Growth Crises and Three Phases of Governance Response

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Editors’ note: This article was adapted from “Board/Staff Relationships in a Growth Crisis: Implications for Nonprofit Governance,” originally published online, March 7, 2011, by the Nonprofit and Voluntary Sector Quarterly, and subsequently published in NVSQ’s print publication in 2012.1 The authors appreciate Peter Roberts’s extensive editing support for this article. 

This article looks at the ways in which board/staff relationships played out in four small cultural organizations—two museums and two performing arts companies—as each passed through three distinct phases of a growth/financial crisis. This research may inform nonprofit boards and managers in a couple of ways:

  1. It identifies patterns of board response around a crisis that may help in understanding and negotiating similar situations;
  2. It describes how trust and distrust play roles that are individually destructive but when combined are healthy and productive.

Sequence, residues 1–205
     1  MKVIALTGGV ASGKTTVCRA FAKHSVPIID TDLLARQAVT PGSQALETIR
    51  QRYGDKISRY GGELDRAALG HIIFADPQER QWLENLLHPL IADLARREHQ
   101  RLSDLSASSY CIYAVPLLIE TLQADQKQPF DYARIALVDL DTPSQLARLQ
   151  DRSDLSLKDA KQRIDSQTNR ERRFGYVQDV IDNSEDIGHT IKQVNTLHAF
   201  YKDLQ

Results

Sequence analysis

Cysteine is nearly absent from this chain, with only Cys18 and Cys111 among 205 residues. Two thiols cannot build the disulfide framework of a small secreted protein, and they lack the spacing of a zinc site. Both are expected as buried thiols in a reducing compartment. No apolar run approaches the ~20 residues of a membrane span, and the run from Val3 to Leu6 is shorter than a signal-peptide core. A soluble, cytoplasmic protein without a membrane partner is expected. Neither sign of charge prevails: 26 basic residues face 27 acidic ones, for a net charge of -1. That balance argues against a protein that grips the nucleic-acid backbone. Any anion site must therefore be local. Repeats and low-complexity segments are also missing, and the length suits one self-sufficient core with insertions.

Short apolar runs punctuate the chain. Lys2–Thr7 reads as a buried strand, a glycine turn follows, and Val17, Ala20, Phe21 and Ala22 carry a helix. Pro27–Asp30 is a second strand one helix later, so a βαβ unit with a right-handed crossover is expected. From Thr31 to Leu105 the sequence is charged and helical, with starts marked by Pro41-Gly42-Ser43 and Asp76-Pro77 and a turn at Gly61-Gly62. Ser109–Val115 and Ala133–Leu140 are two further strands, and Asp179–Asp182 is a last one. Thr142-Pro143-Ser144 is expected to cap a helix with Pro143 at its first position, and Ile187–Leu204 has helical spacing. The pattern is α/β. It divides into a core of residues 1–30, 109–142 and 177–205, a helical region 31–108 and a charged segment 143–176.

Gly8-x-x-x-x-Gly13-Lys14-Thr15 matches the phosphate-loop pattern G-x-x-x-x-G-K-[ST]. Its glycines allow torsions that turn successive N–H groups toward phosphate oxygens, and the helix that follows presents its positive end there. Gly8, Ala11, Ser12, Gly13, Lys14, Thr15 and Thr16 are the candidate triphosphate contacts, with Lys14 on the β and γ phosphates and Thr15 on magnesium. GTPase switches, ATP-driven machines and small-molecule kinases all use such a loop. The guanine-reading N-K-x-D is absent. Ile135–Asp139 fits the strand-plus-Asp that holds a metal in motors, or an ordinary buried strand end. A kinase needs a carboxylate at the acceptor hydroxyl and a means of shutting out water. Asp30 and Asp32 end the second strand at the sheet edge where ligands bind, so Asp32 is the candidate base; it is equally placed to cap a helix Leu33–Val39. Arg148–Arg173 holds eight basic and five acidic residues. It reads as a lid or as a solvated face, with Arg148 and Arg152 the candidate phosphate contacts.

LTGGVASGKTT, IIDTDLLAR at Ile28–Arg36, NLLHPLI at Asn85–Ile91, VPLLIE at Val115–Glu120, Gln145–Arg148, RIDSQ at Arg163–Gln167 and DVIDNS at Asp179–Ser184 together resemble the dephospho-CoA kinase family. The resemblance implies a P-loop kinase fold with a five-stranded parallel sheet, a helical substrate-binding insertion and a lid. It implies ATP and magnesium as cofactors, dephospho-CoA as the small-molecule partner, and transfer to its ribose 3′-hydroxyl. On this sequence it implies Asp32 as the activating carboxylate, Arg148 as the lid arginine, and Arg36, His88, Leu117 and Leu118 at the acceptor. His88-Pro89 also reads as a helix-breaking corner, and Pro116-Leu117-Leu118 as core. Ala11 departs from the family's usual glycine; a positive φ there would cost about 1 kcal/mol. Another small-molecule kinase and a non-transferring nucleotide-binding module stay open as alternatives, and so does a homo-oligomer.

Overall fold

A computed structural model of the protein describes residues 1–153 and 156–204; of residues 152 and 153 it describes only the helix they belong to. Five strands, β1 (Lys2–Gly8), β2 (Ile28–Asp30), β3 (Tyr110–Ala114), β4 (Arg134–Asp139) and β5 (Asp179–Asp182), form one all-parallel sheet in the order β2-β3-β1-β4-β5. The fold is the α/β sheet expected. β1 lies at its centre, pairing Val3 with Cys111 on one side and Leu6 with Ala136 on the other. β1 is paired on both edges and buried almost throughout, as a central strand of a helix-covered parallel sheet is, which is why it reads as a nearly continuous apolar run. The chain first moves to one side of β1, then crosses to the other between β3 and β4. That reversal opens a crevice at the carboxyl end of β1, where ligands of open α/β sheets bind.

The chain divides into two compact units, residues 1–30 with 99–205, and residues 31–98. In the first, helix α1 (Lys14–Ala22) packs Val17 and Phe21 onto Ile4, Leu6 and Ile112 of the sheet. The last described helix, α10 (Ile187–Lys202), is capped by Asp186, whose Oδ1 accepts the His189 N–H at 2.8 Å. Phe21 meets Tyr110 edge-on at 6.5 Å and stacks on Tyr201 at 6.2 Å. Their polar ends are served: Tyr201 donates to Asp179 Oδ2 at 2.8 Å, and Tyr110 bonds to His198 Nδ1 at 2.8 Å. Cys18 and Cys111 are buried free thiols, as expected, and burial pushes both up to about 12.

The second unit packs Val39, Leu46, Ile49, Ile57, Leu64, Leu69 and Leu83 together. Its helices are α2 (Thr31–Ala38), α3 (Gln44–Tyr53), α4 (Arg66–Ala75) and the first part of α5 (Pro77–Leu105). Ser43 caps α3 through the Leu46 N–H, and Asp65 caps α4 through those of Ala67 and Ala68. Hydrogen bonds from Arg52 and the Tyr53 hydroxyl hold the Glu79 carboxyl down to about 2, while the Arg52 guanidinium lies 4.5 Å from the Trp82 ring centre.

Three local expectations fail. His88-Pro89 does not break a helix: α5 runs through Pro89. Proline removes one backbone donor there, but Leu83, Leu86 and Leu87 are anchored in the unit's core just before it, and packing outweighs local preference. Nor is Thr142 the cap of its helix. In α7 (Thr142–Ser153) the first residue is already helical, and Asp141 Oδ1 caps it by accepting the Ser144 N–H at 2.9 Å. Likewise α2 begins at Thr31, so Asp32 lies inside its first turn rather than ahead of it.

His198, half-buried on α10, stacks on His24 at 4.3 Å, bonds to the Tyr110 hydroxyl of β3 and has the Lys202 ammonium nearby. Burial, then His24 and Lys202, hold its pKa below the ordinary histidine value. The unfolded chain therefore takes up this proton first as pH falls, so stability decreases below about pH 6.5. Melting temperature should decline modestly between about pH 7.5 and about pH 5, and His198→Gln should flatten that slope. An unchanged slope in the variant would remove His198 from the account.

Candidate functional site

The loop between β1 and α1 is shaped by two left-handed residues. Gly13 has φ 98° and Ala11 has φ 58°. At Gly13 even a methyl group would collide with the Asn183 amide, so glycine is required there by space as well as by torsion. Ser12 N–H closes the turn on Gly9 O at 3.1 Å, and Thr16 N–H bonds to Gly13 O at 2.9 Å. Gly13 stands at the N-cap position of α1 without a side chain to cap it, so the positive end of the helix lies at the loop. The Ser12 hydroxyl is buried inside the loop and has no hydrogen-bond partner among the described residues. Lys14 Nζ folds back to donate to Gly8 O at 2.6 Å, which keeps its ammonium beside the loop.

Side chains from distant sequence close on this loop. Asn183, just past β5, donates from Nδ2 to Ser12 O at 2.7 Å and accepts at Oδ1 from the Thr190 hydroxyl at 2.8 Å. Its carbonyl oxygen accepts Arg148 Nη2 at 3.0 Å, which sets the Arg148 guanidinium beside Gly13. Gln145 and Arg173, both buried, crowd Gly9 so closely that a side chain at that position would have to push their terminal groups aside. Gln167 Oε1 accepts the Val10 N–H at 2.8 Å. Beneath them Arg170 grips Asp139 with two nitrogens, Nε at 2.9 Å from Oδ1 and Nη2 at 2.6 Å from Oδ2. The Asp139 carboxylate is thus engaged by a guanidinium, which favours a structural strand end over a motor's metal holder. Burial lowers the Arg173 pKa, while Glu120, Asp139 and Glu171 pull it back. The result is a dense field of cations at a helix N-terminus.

Our first contact with the four organizations occurred when we were contracted as consultants by government funding agencies that had been asked by all four for “bail-out” grants. This provided an opportunity to engage with the four organizations in this community-academic research project. The research included a questionnaire; organizational documents (grant applications, audited reports, strategic plans, and task descriptions); forty interviews—some open-ended and some focused—with key players; and participation in thirty-four meetings, all told. This research opportunity was quite exceptional considering that organizations in a sensitive crisis tend toward confidentiality, that we had access to a wide cross section of organizational players, and that the study continued over several years.

There were no government representatives on any of the four boards, and organizational membership in three of the four cases was limited to board members. While this may be common in nonprofits of this size, it constrains external monitoring of the board’s governance. For all of the organizations, federal, provincial, and municipal governments were significant providers of operating and infrastructure funding. The organizations were located in small communities in a region without a culture of philanthropy. Private philanthropic support was minimal, and non-governmental income was from corporate sponsorship or from earned income.